3 Reasons Why People Get Passed Over for Promotion

Why is that some people get promoted very fast and others don’t make it despite hard work and dedication? Some would say it’s the game of company politics when in fact there something else at play that explains why you get passed over for promotion. Here are 3 very common reasons why this happens…

Have you ever heard the story of the incompetent person who gets promoted just a few months after joining the company? A smooth talker that defies the laws of meritocracy and rises to positions of power while the smart, honest and hardworking person stays at the same job for years on end with no other recognition than a pat on the back and an average pay raise. Well I hear that story at least once a month in my mentoring sessions. And I think that, on more than one level, it’s a very interesting story, very interesting because it’s the kind of story you just can’t take at face value.

If you’ve ever told that story or thought it to be true, then this article is definitely for you… it’s for you because it’s actually telling something about yourself that will help you change that situation and potentially make that promotion happen.


First of all, you could ask yourself why you believe that person to be incompetent. I mean how incompetent that person really is. Do we really know? Can we really judge a person’s level of competence (or incompetence)? Sure, some of us can in specific areas, if we’ve reached a sufficient level of expertise in a field such as Finance or Marketing for example. But none of us can really judge someone’s entire character and state blatantly that he or she is just incompetent in general, just as we can’t say the opposite…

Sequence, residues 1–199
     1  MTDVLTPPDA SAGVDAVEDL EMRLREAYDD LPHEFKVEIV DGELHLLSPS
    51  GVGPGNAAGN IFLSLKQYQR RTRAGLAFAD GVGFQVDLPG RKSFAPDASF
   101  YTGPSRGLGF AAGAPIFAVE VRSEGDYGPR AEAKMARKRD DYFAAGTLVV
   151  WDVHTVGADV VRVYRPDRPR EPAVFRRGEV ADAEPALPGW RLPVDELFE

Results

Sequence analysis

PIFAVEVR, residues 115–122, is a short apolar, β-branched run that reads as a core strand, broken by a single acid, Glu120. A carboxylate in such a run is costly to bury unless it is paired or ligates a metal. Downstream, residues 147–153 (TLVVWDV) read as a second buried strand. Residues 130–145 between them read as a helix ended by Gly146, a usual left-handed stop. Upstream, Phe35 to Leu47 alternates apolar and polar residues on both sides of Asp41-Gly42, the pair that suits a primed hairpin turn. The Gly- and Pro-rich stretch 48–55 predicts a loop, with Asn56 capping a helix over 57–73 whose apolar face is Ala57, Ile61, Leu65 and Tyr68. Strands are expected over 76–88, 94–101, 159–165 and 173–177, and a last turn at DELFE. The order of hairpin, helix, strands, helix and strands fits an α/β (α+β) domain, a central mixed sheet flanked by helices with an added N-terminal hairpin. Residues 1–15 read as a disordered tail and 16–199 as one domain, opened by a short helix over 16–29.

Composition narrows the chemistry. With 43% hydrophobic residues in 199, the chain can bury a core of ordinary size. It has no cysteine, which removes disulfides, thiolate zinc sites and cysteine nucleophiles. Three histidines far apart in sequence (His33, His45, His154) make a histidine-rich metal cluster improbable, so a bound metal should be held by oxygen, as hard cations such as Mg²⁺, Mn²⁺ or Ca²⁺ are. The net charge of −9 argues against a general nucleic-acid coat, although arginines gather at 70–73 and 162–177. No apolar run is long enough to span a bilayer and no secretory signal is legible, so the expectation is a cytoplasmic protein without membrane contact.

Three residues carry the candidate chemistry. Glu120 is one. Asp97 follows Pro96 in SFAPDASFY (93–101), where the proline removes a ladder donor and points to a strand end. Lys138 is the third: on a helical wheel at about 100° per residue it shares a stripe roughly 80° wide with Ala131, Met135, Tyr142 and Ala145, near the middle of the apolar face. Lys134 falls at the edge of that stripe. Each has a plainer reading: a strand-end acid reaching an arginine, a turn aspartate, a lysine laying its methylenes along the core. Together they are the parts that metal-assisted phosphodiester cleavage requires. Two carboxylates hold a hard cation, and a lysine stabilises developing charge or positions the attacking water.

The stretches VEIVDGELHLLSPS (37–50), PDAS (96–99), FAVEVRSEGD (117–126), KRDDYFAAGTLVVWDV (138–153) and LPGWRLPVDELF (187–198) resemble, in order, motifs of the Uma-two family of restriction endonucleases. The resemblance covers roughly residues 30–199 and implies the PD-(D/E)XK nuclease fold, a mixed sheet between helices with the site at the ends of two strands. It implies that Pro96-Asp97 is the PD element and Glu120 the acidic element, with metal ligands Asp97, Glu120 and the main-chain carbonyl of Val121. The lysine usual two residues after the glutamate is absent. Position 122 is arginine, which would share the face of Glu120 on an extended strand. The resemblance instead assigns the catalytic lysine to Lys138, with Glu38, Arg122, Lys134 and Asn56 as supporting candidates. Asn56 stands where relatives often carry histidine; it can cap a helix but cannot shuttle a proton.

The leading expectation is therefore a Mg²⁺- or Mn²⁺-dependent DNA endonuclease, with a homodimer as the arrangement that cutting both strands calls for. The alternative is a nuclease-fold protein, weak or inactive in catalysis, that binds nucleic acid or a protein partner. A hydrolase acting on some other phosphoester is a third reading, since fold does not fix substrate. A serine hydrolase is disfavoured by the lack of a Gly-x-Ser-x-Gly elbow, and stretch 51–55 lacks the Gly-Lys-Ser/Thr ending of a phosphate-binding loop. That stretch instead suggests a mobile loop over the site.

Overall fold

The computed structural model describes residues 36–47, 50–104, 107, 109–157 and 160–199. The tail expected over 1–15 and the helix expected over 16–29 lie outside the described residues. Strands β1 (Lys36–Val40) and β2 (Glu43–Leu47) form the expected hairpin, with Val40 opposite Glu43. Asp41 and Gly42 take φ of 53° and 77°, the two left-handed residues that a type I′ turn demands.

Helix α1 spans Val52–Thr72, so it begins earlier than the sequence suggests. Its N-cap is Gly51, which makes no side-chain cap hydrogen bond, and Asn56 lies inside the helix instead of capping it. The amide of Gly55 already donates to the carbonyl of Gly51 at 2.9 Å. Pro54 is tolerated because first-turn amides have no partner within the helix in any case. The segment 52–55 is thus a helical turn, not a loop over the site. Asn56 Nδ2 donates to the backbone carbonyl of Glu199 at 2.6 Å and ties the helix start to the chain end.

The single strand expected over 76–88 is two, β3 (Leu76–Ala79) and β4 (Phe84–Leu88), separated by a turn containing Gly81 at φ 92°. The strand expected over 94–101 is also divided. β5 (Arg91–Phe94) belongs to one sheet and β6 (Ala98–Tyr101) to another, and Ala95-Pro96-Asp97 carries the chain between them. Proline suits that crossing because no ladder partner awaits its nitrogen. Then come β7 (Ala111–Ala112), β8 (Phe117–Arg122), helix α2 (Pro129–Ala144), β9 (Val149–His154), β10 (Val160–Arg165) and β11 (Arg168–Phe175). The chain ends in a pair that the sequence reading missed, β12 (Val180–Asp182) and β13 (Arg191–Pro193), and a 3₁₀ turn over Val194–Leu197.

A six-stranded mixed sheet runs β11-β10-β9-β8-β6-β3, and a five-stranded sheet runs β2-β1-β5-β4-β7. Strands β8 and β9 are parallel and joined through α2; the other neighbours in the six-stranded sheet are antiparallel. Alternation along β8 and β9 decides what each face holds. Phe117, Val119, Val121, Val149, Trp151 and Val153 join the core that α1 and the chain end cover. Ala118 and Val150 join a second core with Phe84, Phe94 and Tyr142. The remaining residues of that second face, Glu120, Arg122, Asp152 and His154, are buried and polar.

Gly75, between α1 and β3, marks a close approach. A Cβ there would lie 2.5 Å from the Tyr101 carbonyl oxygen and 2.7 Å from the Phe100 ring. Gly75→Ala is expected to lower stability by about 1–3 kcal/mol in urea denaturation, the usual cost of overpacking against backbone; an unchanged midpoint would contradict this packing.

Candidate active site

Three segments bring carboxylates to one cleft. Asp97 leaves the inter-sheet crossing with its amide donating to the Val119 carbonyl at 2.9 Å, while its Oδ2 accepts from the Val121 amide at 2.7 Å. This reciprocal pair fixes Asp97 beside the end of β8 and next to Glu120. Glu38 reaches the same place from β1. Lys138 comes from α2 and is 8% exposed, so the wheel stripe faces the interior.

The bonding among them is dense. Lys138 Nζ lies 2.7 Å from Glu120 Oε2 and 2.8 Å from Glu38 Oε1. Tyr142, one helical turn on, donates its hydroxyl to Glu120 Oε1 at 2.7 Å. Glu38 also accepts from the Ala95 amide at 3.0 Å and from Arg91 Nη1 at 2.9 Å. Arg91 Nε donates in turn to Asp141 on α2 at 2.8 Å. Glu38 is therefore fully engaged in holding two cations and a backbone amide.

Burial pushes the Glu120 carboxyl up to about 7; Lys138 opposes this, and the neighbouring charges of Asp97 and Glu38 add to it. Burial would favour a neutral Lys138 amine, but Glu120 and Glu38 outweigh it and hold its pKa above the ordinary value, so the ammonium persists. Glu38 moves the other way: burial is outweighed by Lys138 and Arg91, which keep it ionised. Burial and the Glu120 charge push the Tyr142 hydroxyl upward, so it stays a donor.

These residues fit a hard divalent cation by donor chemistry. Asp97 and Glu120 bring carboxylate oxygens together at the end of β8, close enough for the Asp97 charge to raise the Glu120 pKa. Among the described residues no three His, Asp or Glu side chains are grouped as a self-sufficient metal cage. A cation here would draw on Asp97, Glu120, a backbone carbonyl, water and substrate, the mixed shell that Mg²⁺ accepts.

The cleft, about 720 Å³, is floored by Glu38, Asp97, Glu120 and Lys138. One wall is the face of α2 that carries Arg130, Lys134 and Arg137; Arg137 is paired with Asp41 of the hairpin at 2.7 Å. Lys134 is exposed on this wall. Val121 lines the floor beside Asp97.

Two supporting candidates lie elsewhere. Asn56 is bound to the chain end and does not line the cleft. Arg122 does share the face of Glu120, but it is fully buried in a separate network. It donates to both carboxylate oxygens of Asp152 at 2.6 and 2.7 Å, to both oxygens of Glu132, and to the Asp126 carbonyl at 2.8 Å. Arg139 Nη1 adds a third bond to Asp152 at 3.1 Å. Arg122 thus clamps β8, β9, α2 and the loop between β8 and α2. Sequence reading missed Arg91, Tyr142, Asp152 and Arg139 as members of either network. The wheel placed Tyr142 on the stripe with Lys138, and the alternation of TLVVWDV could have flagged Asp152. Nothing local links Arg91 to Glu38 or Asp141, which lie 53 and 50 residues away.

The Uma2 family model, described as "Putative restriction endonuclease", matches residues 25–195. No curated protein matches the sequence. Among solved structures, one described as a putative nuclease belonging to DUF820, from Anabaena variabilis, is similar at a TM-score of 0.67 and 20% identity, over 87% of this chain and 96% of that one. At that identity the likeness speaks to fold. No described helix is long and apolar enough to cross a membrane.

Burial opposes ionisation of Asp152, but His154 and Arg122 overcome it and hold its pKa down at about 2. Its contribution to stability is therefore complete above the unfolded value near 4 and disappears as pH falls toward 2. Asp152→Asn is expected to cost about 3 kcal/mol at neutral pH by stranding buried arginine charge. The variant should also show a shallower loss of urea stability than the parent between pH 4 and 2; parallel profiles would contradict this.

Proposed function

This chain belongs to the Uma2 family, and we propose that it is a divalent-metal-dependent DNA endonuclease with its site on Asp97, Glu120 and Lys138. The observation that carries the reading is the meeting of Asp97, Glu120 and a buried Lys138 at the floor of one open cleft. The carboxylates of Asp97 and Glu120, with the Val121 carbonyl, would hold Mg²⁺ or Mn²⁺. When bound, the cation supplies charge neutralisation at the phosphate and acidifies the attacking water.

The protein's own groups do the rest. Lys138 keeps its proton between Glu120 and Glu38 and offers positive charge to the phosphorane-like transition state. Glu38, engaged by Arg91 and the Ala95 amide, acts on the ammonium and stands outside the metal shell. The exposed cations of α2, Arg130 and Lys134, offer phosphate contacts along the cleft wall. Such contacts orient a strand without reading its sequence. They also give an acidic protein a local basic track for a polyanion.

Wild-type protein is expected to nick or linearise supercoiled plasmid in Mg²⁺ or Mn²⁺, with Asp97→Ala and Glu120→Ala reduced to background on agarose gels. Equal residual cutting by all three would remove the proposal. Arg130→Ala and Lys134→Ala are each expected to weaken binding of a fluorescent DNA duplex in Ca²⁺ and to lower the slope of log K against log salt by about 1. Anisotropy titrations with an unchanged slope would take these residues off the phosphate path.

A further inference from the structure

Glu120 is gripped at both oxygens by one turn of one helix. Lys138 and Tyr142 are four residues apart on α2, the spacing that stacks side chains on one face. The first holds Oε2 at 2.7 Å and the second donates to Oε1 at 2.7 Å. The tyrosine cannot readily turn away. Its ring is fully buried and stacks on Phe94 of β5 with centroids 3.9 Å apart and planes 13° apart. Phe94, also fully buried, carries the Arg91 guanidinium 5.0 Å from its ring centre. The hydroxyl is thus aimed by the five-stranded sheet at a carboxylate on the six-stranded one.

It’s important to recognize that we might not align with some people on certain aspects. We might find that punctuality is very important when they come in late every day or we might feel that staying late every evening is the true mark of dedication when they leave work early constantly, or worse that person could be at a similar role in the organization but be much less knowledgeable than us, but it’s important to recognize that there are competent people who get to work late, leave early and are fine with not being true experts in their field. Those people could just as well be very productive and do their work to the level expected in much less hours and be good at many things without feeling the need to build true expertise in one particular field. We just can’t judge general competence!

Talking about ourselves is empowering because we can do something about it, we can change ourselves, learn a skill, change our behavior and we’re the only decision maker needed to make it happen